Bach At Leipzig
by Itamar Moses
Full Length Play, Comedy / 7m
Leipzig, Germany — 1722. Johann Kuhnau, revered organist of the Thomaskirche, suddenly dies, leaving his post vacant. The town council invites musicians to audition for the coveted position, among them young Johann Sebastian Bach.
Leipzig, Germany — 1722. Johann Kuhnau, revered organist of the Thomaskirche, suddenly dies, leaving his post vacant. The town council invites musicians to audition for the coveted position, among them young Johann Sebastian Bach. In an age where musicians depend on patronage from the nobility or the church to pursue their craft, the post at a prominent church in a cultured city is a near guarantee of fame and fortune -which is why some of the candidates are willing to resort to any lengths to secure it. BACH AT LEIPZIG is a fugue-like farcical web of bribery, blackmail, and betrayal set against the backdrop of Enlightenment questions about humanity, God, and art.
“The most stylish and substantive play based on classical music since Peter Shaffer's Amadeus .” – Ithaca Times
"A funny, fiercely intelligent romp." – Los Angeles Times
“A fleet-footed, quick-witted, brain-teasing farce. It's a joy.” – San Francisco Chronicle
“If you like super-smart silliness, be ready to laugh until your ribs are sore. A who's-on-first farce full of theatrical trickery and fizzy verbal slapstick.” – The Wall Street Journal
“A remarkably silly yet intellectually stirring comedy. Deserves to be a minor classic. Reaches for an ineffable beauty and mystery that is hard to shake.” – Queen Anne News
“Lovely, wise, tender, strong, and the best play I've seen — or can imagine — by a young playwright.” – Chicago Reader
“An intellectual fun-house of a play. With its wordplay, brainy allusions and virtuoso manipulations of artistic form, it has a 'look-Ma-no-hands' swagger. A poignant meditation on the artistic temperament and the transporting power of music.” – Washington Post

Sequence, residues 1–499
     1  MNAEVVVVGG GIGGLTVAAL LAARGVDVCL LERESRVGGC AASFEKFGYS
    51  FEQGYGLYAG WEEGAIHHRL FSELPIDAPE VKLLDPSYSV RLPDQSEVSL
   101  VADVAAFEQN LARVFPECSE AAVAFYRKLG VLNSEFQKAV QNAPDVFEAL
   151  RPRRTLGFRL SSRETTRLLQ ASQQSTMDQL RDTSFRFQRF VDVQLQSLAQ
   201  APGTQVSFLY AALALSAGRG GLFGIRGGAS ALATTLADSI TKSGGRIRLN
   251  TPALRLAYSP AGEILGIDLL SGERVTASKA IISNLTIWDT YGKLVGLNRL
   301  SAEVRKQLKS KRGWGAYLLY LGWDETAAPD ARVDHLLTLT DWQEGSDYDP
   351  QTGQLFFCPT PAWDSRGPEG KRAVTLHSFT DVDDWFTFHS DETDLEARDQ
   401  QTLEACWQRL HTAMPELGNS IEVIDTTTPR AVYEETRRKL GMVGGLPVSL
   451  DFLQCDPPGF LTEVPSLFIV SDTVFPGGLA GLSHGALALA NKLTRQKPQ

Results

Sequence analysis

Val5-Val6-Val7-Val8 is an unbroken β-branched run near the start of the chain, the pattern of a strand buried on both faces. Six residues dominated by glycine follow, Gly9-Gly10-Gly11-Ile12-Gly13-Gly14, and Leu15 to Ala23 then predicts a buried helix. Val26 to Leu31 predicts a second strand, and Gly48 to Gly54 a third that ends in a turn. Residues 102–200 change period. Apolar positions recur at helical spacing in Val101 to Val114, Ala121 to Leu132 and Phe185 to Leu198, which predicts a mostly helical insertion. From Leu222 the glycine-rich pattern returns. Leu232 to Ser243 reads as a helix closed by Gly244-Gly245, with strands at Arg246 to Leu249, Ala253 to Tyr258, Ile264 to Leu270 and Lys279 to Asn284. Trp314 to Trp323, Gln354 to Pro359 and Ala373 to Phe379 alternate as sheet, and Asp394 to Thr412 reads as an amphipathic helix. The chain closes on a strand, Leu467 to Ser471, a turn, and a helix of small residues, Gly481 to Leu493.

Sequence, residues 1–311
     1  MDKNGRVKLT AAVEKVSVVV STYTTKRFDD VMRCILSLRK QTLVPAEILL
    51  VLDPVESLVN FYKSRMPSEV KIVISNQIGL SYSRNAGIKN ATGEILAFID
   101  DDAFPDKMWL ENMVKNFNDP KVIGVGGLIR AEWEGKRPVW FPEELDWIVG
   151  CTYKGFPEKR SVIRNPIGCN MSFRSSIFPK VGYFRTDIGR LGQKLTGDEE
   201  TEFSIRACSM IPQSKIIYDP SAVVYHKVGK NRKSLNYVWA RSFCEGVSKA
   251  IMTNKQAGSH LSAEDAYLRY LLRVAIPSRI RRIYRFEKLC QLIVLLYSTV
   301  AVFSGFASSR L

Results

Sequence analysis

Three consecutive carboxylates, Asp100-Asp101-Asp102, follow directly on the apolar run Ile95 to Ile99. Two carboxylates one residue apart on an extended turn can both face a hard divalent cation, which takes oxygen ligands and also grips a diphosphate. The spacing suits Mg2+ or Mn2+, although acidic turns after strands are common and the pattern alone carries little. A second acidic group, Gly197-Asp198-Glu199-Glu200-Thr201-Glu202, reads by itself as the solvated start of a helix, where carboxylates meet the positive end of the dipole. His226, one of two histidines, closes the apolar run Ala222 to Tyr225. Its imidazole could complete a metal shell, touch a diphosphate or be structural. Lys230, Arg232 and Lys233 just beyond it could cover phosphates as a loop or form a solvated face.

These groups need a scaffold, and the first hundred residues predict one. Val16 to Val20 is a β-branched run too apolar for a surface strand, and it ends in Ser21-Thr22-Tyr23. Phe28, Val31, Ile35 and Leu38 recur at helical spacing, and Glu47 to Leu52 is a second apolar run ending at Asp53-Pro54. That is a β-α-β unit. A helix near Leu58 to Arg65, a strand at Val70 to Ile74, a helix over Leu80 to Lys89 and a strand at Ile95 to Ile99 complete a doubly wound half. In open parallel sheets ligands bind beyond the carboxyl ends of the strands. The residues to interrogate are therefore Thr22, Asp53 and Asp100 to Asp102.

“Itamar Moses' brainy comedy doesn't settle for cheap laughs, though it has a lot of them. He's got more — much more — on his mind...a look at pride, the meaning and duties of talent, and deep, discursive ruminations on whether music and people can — or should — evolve without spiritual faith.” – Seattle Weekly
“Moses may be some kind of genius.” – Seattle Post-Intelligencer
“Brilliant. What consistently amazes and delights is not just the wealth but the breadth of the intellectual fencing, which never misses a comedic beat. Moses reveals a remarkable ability to make a complex, intellectual play funny, with the feather-light touch of a modern Moliere.” –Shepherd Express Milwaukee
- No Special Cautions
- Minimum Fee: $75 per performance
- Time Period: 18th Century
- Duration: More than 120 minutes (2 hours)
The Thomaskirche, Leipzig, Germany, 1722. Later 1750.
- Additional Features: Play w/ Music
- Features / Contains: Period Costumes
- Musical Style: N/A (Not a musical)
- Vocal Demands: N/A (Not a musical)
- Chorus Size: N/A (Not a musical)
JOHANN FRIEDRICH FASCH - organist and Kapellmeister at Zerbst, fifties.
GEORG BALTHASAR SCHOTT - organist at the Neuekirche in Leipzig, fifties.
GEORG LENCK - organist and Kantor at Laucha, late thirties.
JOHANN MARTIN STEINDORFF - organist and Kantor at Zwickau, twenties.
GEORG FRIEDRICH KAUFMANN - organist and Kantor at Merseburg, fifties.
GEORG FRIEDRICH GRAUPNER - organist and Kapellmeister at Dramstadt, fifties.
THE GREATEST ORGANIST IN GERMANY - organist and Kantor at Hamburg.
- All Male
Bach at Leipzig was first presented at Hangar Theatre in Ithaca, NY, in 2002. It was directed by Kevin Moriarty. The play was subsequently presented Off Broadway at New York Theatre Workshop in New York City in 2005. It was directed by Pam MacKinnon.